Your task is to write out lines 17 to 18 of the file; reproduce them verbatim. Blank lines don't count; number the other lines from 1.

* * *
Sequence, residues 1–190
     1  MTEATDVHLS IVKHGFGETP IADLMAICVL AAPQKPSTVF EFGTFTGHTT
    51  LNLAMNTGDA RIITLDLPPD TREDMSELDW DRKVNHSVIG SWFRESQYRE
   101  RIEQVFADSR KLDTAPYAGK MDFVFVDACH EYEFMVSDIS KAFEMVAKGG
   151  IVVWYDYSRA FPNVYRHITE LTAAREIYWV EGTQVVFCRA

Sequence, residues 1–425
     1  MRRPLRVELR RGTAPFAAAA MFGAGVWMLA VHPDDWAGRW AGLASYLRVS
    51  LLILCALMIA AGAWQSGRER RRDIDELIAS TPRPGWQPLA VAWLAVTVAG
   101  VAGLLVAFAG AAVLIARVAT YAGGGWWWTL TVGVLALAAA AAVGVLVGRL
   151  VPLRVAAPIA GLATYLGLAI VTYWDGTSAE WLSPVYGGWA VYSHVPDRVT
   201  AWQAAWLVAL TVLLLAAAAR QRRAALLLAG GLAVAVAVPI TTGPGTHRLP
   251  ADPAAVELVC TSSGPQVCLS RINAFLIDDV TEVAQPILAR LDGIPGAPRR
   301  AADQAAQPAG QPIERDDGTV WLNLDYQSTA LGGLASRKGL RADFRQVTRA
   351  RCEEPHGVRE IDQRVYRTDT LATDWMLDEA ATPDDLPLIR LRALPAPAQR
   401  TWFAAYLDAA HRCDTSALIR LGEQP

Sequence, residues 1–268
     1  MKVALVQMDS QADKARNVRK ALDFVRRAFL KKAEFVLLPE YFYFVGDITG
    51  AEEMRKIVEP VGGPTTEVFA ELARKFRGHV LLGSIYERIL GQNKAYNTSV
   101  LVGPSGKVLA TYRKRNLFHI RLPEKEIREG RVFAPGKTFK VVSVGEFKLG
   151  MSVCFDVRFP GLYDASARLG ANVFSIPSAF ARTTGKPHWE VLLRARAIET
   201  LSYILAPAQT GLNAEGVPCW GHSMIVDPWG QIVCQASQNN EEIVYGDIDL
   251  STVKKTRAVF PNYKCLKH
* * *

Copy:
     1  MKVALVQMDS QADKARNVRK ALDFVRRAFL KKAEFVLLPE YFYFVGDITG
    51  AEEMRKIVEP VGGPTTEVFA ELARKFRGHV LLGSIYERIL GQNKAYNTSV